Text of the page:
New Renewable Energy Targets Set by G7 Ministers

The G7, short for group of seven rich nations, set a large new collective targets for solar and offshore wind capacity, they agreed to speed up collective efforts towards renewable energy research and development in an effort to phase out the use of fossil fuels. 

Agreeing as a group, they also rescinded their 2030 deadline for eliminating coal that nations like Canada among others had previously pushed for. Countries are now open to invest in gas and coal which could ease the energy shortfalls that have been seen globally. 

“In the midst of an unprecedented energy crisis, it’s important to come up with measures to tackle climate change and promote energy security at the same time,” Japanese industry minister Yasutoshi Nishimura told reporters. 

He also had this to say about the collective 2050 target: 

“While acknowledging that there are diverse pathways to achieve carbon neutral, we agreed on the importance of aiming for a common goal toward 2050,”

Sunday marks the conclusion of two days of G7 ministerial deliberations on climate, energy, and environmental policy in the northern Japanese city of Sapporo. After Russia’s invasion of Ukraine, renewable fuel sources and energy security have taken on greater urgency.

“Initially people thought that climate action and action on energy security potentially were in conflict. But discussions which we had and which are reflected in the communique are that they actually work together,” said Jonathan Wilkinson, Canada’s minister of natural resources.

The group collectively pledged to increase offshore wind farm capacity by 150 Gigawatts by 2030 and edge solar capacity to over 1 terawatt. 

They agreed to accelerate “the phase-out of unabated fossil fuels” – the burning of fossil fuels without using technology to capture the resulting C02 emissions – to achieve net zero in energy systems by 2050 at the latest.

They also agreed to phase out uncaptured fossil fuels, AKA the burning of fossil fuels without using technology that recaptures the emissions, essentially making their burning carbon neutral.

With regards to the use of coal, the countries agreed to prioritise “concrete and timely steps” to slowly phase out it’s use. This is as part of an agreement which has agreed to achieve a predominantly carbon-free power sector by the year 2035.

Canada was one of the nations that were clear that uncaptured coal-power should be gone by 2030, Ottawa, Britain and other G7 members committed to the 2030 deadline, however Canada’s Wilkinson told reporters this:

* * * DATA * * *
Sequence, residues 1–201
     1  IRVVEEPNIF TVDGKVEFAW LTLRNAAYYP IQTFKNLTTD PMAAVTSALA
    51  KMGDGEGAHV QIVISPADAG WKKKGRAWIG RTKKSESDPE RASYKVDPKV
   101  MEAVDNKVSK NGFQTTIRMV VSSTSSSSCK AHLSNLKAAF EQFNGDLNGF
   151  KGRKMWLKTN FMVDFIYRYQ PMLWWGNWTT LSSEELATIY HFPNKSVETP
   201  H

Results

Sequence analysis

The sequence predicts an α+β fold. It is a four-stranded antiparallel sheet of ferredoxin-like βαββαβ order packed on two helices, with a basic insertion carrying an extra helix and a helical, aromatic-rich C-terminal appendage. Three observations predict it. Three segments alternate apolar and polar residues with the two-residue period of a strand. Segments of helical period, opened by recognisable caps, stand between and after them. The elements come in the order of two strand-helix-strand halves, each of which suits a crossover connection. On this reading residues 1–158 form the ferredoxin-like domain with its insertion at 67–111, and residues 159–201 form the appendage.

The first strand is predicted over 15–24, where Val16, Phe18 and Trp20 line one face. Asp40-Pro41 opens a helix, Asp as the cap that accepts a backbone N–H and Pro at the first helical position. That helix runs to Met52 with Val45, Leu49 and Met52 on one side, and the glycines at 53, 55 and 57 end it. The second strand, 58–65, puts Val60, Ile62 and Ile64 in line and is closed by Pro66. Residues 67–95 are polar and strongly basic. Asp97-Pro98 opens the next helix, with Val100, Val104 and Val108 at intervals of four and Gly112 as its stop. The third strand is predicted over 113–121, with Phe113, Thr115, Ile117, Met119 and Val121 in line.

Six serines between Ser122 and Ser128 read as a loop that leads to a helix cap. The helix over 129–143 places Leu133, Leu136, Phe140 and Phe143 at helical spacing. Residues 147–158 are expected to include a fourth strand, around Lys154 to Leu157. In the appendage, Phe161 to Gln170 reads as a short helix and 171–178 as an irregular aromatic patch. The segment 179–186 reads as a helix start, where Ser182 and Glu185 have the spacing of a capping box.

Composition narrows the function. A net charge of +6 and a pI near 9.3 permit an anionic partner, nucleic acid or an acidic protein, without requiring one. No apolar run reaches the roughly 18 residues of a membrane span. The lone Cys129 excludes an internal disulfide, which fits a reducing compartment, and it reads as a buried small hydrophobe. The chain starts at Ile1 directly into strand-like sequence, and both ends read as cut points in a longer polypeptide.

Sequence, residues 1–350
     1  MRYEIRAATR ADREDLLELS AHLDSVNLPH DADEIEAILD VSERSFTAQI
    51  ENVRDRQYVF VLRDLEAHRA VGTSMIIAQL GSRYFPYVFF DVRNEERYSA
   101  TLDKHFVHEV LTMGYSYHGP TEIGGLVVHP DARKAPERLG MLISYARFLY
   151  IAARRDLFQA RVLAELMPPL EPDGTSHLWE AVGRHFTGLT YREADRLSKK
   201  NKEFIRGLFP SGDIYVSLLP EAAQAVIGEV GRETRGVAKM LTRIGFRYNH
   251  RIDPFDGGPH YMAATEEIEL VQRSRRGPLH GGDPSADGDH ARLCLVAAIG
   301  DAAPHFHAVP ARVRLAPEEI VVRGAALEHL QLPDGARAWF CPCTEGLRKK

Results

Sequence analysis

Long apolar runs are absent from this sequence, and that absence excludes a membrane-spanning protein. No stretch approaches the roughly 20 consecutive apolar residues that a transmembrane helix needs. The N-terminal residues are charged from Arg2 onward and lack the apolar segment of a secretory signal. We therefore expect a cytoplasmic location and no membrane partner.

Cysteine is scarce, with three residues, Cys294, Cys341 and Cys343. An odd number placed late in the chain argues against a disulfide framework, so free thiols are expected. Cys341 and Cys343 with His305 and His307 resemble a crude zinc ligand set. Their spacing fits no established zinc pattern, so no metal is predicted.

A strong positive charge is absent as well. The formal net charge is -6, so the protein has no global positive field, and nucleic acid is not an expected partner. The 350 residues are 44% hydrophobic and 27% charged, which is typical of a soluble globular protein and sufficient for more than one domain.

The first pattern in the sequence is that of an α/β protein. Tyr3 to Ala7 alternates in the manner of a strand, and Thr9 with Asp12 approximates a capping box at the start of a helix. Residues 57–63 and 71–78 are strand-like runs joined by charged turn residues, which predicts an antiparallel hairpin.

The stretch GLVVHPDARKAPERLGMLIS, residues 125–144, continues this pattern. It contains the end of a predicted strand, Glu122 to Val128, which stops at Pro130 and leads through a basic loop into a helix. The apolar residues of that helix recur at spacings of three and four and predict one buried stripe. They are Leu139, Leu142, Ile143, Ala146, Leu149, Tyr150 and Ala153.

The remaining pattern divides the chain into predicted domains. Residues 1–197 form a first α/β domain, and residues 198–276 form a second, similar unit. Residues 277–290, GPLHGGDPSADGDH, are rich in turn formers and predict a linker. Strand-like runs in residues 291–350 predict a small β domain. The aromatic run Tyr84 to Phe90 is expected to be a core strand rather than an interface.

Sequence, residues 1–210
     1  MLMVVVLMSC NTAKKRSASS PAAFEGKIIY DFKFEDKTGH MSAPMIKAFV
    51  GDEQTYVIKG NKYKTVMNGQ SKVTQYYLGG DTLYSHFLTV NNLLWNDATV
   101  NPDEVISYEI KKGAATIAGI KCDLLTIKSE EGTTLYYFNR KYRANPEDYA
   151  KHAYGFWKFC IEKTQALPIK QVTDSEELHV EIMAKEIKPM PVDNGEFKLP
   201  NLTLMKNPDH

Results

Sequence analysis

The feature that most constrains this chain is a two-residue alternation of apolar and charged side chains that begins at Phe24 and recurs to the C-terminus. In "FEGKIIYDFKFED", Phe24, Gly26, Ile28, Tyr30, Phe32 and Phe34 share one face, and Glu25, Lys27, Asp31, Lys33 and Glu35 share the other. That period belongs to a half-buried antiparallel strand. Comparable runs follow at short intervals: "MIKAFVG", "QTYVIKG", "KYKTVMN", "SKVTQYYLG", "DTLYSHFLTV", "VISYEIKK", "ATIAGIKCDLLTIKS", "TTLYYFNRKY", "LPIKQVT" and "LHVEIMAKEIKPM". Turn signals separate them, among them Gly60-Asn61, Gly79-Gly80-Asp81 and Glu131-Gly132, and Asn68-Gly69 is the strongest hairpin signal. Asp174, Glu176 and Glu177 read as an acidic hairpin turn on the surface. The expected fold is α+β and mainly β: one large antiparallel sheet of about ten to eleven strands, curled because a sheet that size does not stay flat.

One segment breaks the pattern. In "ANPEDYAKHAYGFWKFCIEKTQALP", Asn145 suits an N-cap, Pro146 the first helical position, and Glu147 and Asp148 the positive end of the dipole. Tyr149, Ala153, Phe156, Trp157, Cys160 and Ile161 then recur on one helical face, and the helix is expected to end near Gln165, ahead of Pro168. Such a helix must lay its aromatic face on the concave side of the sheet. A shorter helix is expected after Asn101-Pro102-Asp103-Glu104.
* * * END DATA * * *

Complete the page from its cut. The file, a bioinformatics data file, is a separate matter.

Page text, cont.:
“Others are still trying to figure out how they could get there within their relevant timeframe,”

“We are trying to find ways (for) some who are more coal-dependent than others to find technical pathways how to do that,” he said.

Powerful Statements

“The solar and wind commitments are huge statements to the importance that they will rely on the energy superpowers of solar and wind in order to phase out fossil fuels,” said Dave Jones of think tank Ember. 

“Hopefully this will provide a challenge to Japan, for which offshore wind is the missing part of the jigsaw that could see its power sector decarbonise much quicker than it thought possible.”

The G7 nation hosting the summit this time around, Japan, depends on imports for nearly all it’s energy requirements and is pushing for hydrogen as a fuel source. They also want to keep liquefied natural gas as a transition energy source as the country figures out how to accommodate for more renewable energy sources. 

The G7 members said investment in the gas sector “can be appropriate” to address potential market shortfalls provoked by the crisis in Ukraine, if implemented in a manner consistent with climate objectives.

Generally, all G7 members agree that investment into the gas sector is an appropriate way to address potential energy shortages provoked by the crisis in Ukraine. This is when the investment is aligned with climate objectives 

The group targets 2040 for reducing plastic pollution to zero by bringing the target forward another decade from 2050.

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